IN WHICH Ross Rheingans-Yoo, a sometimes-poet and erstwhile student of Computer Science and Math, oc­cas­ion­al­ly writes on things of int­erest.

# Reading Feed (last update: July 28)

A collection of things that I was happy I read. Views expressed by linked authors are chosen because I think they're interesting, not because I think they're correct, unless indicated otherwise.

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Blog: Marginal Revolution | How well is Germany dealing with the migration crisis? — "Whatever respite Germany may have gained this week is offset, and then some, by the arrival of a new and frightening political dynamic. Mr. Seehofer succeeded by going nuclear; chances are, he won’t be the last. The politics of fear and menace may be here to stay, undermining the foundations of democracy. In sound democracies, policies are the results of compromise between parties representing a majority of the voters. Through the politics of artificial crisis, minorities take the system hostage. They create policies redeeming fictional problems for fictional

# Not Quite a Dissent: On Solidarity [Guest Post, Response]

A friend and classmate offers the following anonymous guest post in response to yesterday's post on (empty) declarations of solidarity. Their post follows with no edits by me.

The internet is a great and terrible thing. I say this often. We are inundated with a dramatically larger $N$ of events to process and, thanks to social media, a larger audience to say it to.

I don't claim that the UC does a good thing by spouting largely empty declarations of support. I agree that it's trivializing, condescending, and mostly devoid of meaning, particularly when we seem to stand in solidarity with every cause that comes our way to demonstrate that we are caring, compassionate, and informed citizens of this world. I remember back in April when the #bringbackourgirls hashtag in support of the kidnapped Nigerian schoolgirls exploded on Twitter--for two days. We offer our solidarity when it is easy, convenient, and painless, and move on with our lives.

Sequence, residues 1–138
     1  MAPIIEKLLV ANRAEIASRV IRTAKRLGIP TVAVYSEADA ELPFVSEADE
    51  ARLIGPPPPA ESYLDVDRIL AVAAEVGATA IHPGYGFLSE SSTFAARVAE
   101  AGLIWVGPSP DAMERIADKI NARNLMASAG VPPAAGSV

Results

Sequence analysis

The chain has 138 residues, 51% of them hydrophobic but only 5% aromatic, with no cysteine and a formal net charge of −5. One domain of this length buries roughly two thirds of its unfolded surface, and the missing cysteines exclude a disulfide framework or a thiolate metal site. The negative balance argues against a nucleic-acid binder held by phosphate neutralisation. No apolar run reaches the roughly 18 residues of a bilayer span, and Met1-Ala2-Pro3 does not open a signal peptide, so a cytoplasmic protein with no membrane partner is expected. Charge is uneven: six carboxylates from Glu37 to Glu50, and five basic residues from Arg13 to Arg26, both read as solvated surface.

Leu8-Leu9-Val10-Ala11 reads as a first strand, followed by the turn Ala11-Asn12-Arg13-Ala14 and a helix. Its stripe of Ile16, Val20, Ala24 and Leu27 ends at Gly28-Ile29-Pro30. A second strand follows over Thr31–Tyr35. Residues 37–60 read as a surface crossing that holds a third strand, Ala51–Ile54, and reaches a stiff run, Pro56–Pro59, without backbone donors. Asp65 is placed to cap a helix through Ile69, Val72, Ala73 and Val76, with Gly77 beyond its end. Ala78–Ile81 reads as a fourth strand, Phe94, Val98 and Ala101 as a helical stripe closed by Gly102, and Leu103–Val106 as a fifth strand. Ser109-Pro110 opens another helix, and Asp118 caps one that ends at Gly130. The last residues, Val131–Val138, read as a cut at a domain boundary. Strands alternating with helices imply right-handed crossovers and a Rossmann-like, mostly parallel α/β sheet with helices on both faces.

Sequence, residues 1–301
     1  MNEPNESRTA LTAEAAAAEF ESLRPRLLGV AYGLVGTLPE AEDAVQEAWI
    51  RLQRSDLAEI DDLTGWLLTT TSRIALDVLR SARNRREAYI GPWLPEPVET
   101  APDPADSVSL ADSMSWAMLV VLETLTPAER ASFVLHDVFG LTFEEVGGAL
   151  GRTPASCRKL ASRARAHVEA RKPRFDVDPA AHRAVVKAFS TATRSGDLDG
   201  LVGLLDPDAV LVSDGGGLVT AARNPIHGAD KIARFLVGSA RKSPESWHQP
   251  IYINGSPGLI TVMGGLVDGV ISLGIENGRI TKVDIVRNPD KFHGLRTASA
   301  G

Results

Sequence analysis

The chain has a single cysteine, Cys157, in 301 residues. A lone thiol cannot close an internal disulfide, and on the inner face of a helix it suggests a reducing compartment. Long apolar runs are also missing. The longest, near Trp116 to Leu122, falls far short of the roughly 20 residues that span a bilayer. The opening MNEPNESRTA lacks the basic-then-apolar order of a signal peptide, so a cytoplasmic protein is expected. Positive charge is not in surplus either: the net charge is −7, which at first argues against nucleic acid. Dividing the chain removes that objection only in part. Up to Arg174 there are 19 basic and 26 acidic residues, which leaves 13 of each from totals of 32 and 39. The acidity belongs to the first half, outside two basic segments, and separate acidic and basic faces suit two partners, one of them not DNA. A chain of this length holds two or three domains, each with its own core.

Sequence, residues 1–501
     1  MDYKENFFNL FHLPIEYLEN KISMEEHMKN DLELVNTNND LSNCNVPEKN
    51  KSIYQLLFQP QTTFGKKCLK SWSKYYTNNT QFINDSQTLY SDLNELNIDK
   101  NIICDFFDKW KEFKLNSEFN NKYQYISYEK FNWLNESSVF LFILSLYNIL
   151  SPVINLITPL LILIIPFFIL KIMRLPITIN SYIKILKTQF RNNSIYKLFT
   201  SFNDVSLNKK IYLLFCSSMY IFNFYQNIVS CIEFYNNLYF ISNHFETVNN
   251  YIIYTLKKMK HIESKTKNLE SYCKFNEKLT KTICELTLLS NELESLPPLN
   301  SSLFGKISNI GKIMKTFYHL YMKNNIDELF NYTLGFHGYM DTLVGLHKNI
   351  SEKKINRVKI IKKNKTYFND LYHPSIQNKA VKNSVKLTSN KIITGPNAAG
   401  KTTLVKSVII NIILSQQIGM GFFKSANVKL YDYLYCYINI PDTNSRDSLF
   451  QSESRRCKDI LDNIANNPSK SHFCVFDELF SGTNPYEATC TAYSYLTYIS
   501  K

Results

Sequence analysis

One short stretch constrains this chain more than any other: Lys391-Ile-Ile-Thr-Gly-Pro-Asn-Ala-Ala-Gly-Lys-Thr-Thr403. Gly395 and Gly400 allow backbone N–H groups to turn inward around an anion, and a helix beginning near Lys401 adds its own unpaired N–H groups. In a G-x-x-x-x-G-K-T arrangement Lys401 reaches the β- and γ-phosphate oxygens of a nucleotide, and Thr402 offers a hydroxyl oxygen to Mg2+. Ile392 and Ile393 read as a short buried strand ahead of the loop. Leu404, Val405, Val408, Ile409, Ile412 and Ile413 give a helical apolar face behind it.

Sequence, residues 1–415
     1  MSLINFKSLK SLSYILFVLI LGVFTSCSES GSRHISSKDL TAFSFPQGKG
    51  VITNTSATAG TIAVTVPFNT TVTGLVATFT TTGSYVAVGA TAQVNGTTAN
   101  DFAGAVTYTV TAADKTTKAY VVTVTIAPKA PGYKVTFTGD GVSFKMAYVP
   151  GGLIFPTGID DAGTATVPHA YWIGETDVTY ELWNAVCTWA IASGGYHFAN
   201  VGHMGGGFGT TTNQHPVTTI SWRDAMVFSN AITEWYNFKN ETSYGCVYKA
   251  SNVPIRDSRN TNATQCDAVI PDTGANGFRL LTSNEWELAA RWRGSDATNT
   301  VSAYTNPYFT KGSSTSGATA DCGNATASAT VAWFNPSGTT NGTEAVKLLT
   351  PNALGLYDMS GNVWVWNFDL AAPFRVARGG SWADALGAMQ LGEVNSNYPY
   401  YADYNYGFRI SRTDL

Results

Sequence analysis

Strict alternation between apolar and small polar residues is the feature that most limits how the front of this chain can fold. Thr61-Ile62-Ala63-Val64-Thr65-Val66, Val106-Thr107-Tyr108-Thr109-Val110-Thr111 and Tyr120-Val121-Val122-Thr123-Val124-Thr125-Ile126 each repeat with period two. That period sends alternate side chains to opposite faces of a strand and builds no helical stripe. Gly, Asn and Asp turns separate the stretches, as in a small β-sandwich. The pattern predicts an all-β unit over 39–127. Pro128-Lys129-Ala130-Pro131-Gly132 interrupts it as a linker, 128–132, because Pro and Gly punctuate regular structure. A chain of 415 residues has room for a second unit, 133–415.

All the same, I think there is something valuable in the exercise

# On Comets and Commentators [Guest Post, Dissent]

Our second guest author (writing anonymously) is an undergraduate studying physics at Harvard, and I'm happy to count her as a friend. She's offered the following response to my original post about the Philae landing / Dr. Taylor's tacky shirt affair and Dr. Christine Piatko's response. The full index is here.

Her post follows, with minor edits proposed by me and okayed by her. The opinions presented are -- I hope, obviously -- not necessarily mine, but I do believe the proliferation of viewpoints to be useful.

With this, I'm going to close the call for dissents. It's been fun, though, and I'm excited to do it again. Stay tuned!

I work very hard to define myself as a physicist first and a woman second. Maybe this already speaks to a stereotype that I have internalized, since it should ideally be the case that "physicist" is a gender-neutral term instead of one that implies a male. It shouldn't be the case that I feel like my gender makes me an asterisk.

# A Shirt, Counterpoint [Guest Post, Dissent]

Dr. Christine Piatko is a Research Professor of Computer Science at Johns Hopkins University. After we had a lively discussion on Facebook about my post last Saturday on the shirt Dr. Matt Taylor wore for the Philae landing, she offered the following dissenting opinion in response to my call for guest-post responses. The full index is here.

Her post follows, with minor edits proposed by me and okayed by her. The opinions presented are not necessarily mine, but I do believe the discussion to be useful.

I have since closed the call for additional responses, but see the second response on this topic, submitted by an anonymous reader, for a third opinion.

I admit this is feeling a bit meta -- offering a counteropinion adding to the firestorm over a blogpost about a firestorm... about a shirt?

But thanks for the opportunity, so I wanted to chime in and say -- as a member of the gender in question, I respectfully disagree with Ross.

Yes, women in STEM do need